Samuel is important in Israel’s history as the last of the Judges. As a powerful prophet his reputation as a leader was clearly strong, but his sons – like many a Judge’s son before him – let him down. To add insult to injury (and somewhat ironically) Samuel himself, in his childhood brought a damning message to Eli the Priest on account of his wayward sons (Chapter 3). With this all clear from the first few chapters of 1 Samuel it is understandable that Israel, without lasting quality in Priest or Prophet would look for a King.


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Chapter #20 Ruth 1-4: Against the odds

As the epic histories wind ever on, our attention is drawn right in to the very personal situation of a particular Israelite family. Set in the time of the judges, Ruth provides a narrative of hope against the background of the Judges account that laments Israel’s failures so bitterly. With this tiny book we find, I believe, something brilliantly subversive. Here, amidst tales of male heroes routing their enemies we find Ruth, a foreign women, hailed to Naomi as ‘better to you than seven sons’ (4:15). Amidst the Law of Moses – which on several occasions shocked us with its sexist bent – and the tales of Joshua’s cultural genocide, this small story is a beacon of hope; like a tiny grain of yeast that could work through all the dough.

The story of Ruth is simple enough. A desperate Moabite widow with no protection or financial future captures the desires of a gentleman of Bethlehem and he ‘redeems’ her, he ‘buys her back’. A classic ‘chick-flick’, the drama has a happy, and apparently very romantic, ending.


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Chapter #19 Judg 1-21: The Republic of Heaven

Back into the History section again and we have to adjust to a change of pace. Whereas Exodus to Joshua covers a period of maybe sixty, seventy years, Judges deals with several hundred. And it is a totally different style to what we’ve read so far. Flitting here and there, re-telling the legends of old, never quite saying anything but often implying much, we’re found laughing, crying and, much of the time, staring blankly in confusion at why such a large section of Israel’s history would be remembered this way.

What I like about Judges is the brutal honesty about the state of life after Moses and Joshua. Ever since Exodus we’ve been reading Israelite experience through the lens of its leadership as they desperately work to create a Yahweh-identity among the wandering community. Now they’re settled and their leaders have gone we see the uncertainty this giant family has in their Suzerain. Only one generation need pass and he is forgotten.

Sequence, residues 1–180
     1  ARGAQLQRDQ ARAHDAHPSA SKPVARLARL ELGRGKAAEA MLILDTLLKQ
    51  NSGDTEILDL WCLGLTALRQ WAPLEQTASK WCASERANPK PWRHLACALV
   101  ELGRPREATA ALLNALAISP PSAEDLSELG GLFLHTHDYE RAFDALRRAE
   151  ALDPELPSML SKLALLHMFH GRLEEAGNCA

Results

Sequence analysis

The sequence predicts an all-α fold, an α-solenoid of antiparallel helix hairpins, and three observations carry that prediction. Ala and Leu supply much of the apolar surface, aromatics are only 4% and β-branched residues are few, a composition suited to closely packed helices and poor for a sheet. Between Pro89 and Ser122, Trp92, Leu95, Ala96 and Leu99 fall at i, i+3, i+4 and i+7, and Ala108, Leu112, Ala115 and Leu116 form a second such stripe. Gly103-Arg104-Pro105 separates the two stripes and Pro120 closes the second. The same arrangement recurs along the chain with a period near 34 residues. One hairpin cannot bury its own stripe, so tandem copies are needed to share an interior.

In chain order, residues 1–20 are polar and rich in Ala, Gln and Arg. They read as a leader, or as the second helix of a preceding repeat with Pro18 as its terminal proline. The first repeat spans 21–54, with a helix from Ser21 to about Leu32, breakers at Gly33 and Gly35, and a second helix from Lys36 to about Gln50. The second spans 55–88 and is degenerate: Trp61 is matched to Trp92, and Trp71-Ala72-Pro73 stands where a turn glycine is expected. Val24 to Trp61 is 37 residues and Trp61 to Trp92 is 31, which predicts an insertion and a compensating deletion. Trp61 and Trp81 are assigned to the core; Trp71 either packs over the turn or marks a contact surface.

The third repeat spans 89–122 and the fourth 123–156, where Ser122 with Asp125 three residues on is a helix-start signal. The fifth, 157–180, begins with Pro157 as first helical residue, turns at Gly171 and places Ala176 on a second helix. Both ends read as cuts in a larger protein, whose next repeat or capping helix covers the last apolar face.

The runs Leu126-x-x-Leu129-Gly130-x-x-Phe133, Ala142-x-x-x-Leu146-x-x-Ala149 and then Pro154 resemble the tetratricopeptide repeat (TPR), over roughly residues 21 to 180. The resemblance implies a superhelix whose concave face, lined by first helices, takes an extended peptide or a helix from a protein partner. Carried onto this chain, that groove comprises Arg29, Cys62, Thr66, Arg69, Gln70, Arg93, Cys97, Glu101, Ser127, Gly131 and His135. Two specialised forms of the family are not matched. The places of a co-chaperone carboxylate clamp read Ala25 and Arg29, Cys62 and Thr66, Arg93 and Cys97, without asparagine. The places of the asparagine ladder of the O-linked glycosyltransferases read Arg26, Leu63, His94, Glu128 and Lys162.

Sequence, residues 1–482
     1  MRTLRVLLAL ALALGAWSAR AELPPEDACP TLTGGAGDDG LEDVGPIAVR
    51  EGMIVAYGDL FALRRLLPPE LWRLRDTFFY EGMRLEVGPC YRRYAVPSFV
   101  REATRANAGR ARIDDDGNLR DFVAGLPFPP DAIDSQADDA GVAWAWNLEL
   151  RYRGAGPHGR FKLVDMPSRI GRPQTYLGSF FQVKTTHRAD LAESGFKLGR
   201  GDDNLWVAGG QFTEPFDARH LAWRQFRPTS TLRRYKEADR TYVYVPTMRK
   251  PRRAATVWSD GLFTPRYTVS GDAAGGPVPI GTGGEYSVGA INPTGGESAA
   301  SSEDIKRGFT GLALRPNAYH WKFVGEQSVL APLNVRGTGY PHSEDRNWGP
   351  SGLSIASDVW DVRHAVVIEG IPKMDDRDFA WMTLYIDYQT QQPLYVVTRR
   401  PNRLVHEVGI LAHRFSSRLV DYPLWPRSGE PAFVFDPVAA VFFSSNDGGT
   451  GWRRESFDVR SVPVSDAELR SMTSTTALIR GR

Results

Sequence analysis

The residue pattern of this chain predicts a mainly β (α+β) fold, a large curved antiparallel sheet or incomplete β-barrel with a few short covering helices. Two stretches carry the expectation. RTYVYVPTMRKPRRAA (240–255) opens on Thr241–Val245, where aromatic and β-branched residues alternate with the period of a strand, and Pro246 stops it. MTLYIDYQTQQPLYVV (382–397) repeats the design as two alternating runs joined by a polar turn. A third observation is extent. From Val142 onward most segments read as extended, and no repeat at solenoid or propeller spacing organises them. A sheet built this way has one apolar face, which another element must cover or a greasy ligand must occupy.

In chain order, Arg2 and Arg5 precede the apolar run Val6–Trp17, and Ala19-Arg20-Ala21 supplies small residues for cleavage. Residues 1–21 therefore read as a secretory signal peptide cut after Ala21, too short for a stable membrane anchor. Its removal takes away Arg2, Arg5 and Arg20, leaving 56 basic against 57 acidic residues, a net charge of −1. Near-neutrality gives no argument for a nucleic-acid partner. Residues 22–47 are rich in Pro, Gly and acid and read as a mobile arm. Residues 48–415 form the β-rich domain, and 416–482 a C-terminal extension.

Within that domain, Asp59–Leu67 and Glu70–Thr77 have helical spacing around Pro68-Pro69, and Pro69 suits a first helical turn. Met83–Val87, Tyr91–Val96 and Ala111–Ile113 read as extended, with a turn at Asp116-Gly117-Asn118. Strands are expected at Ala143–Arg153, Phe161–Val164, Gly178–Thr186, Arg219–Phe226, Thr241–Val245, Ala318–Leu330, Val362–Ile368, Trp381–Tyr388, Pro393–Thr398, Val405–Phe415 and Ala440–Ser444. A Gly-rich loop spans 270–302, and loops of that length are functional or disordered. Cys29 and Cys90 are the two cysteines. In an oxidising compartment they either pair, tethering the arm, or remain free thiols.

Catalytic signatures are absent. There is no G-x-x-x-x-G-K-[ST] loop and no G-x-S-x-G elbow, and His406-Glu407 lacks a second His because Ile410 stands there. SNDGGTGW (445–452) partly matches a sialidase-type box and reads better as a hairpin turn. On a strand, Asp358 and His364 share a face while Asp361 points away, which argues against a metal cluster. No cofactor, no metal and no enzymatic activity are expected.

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What's the Word?

This is a creative re-reading of John's Gospel. It's very different from most of the rest of the Bible commentary on this site. So if you'd find it helpful, here's a little post to give a bit of explanation as to what on earth it's all about.

In the beginning, when it was dark, and the deep ocean of possibility lay still and tranquil, there was God; hovering, brooding over the surface of all that was about to be, deep in prayer, deeply dreaming. Then came the Word. Spoken from the aeons of memory in visionary motif it leapt like breath from her mouth and called to the sea. ‘Be made’ his shimmering eyes proclaimed, as the waters stirred and took shape. Torrents danced to the left and to the right as citadels of liquid life spiralled around their heart. In the energy, the ecstasy, the love of this communion, the spirals tightened like a spring. God, invested in this shrinking potential, became like the most imperceptible dot on a horizon; like the first speck of sunrise at a new dawn. Then the whole universe was filled with light; from one end to the other, as far as there are ideas to imagine and worlds to create. The sound of the Word was deafening. The Spirit of life flowed like a membrane over what had become and flooded existence with oceans of presence. And God saw all this and sang with joy, because it was good.


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Chapter #18 Psalms 42-89: Songs that shape

As we leave Israel to settle herself in new surroundings, we sidestep again for a week to the co-current Psalms that run alongside the normal readings. Following from the last post on the Psalms back in January, we’ll look specifically at Book II and III, Psalms 42 – 89.

With two children demanding entertainment, my mind has been thrown back to the songs of my childhood. Jack and Jill, Humpty Dumpty, Row, Row, Row the Boat all come flooding back. There is a tradition in Britain of some really quite random nursery-rhymes that are still sung today, generations after their composition.

Yet one of the amusing features of this hallowed collection is the depressing end to which so many of the characters succumb. The forever broken Humpty Dumpty, the starved and frightened Little Miss Muffet, a serious head injury to Jack, a perpetually frustrated Incy Wincy Spider, a King without a nose and my sister-in-law even claims to have learnt a song about a Mummy ladybird who returns home to find her babies have all been eaten! One can’t help thinking, ‘who would burden little children with such mordant woes?!’